After 53 years, enough is enough

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Just this week I had another inspiring conversation with Amy Berger, the author of The Alzheimer's AntidoteWe talked about fear and trust and how it pertains to my experiences with Keto, and my experiences with dieting, in general. My mother took me to a diet doctor when I was 13 years old and I am coming up to my 66th birthday — YOU do the math. That is 53 years of dieting. Is it any wonder that I have learned not to trust myself? This time is different. The Jewish word is "GENUG" and it means "ENOUGH."

I have learned how to trust that I know how to eat

For those of you who know me from the "Keto My Way" days, you know I have always struggled with the concept of trusting myself to eat the right amounts of food, the right kinds of foods and the right balance of foods. For goodness' sake, I have been ultra-aware of food and diets for 53 years. I have lost weight a dozen times and know what works and what doesn't work and I am certainly committed to Ketogenic eating — which I know, through its regulation of insulin, self-limits the quantity of food I would ever consume in a day (when I respect my hunger/fullness signals!). So why do I still think I need to weigh and measure and track? Trust, my friends, trust. Fear, my friends, fear. I think "genug iz genug" — enough is enough — and it is time to trust myself and not fear the light anymore.  

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What is this light?  It is the light of looking at a healthy (Keto) meal and knowing that it has a perfect amount of carbohydrates, fat and protein for my needs at the moment. It means that I can look at it, and without having to look at a tracker, know that it will round out a day and that I will not be hungry, hangry or remorseful later. It means that I know and trust that I have made the best decision possible about the meal, and that I do not need a tracker to give me that information. It means that after 53 years of dieting, I can trust what I choose to put in my mouth at any given meal. It means that I no longer have the burden of thinking that I will not lose weight unless some outside tracker tells me I am eating the correct food in the correct quantities.

What eating with trust looks like for me

What does this look like for me? Coffee with cream in the morning. If I am hungry I will have a protein source, such as leftover steak from dinner the night before or bacon and eggs if I am cooking that morning. For lunch it is a large green salad and a protein source (today it was canned salmon with avocado oil mayonnaise and diced pickles and onions) along with sparkling mineral water and maybe a cup of chicken broth. And you know what? Looking at today, I have no idea at all what will be for dinner — and that's okay! Last night we had grilled ribeye, roasted cauliflower and green salad. I am not afraid — I am not worried that on Sunday night I did not know what I would be having on Wednesday for dinner. I am not afraid — I am not worried that if I have salad for lunch that having salad again for dinner will be too many carbs. I am not afraid — I am not worried that I might not have hit my fat macro. You know why? I have plenty of body fat to burn — that will take care of itself!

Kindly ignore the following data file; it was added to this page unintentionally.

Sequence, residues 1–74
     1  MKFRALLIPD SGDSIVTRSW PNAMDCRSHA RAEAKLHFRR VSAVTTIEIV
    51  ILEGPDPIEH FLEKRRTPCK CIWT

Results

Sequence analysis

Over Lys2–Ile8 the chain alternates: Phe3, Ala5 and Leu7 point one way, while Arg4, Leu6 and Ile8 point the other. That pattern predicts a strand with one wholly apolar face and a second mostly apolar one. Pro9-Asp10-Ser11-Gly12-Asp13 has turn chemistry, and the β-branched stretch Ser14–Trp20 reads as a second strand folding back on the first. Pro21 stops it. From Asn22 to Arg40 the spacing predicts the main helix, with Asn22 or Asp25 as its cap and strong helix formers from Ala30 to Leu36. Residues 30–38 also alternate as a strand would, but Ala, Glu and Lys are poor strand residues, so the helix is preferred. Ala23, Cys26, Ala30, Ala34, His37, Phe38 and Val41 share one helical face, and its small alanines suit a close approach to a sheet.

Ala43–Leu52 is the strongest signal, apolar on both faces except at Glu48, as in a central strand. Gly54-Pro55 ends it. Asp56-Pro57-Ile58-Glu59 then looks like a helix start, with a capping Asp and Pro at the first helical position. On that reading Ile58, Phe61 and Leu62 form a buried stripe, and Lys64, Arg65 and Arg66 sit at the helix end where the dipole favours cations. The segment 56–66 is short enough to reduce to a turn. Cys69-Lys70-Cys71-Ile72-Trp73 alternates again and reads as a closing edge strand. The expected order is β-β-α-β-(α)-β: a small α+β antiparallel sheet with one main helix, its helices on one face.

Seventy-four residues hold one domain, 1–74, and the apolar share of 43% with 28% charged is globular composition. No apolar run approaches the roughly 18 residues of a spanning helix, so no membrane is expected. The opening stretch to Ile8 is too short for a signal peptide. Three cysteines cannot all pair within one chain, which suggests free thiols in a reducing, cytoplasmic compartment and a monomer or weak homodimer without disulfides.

Eating this way — this NORMAL way — is the light that I have been looking for all my life, ever since my mother took me to a diet doctor at the age of 13, ever since I learned not to trust myself because when I do, it means I will be fat and out of control. Plato would be proud of me that I have come through that darkness and am no longer afraid of the light.

Would you like to learn to eat with trust too? For starters, be sure to sign up for my free guide, "Dancing with Keto," to learn more about not having to weigh, measure, count and track in order to be successful! Then take a look at my coaching offers and pick a path that feels right to you. I would love to help you find your way to trusting yourself too.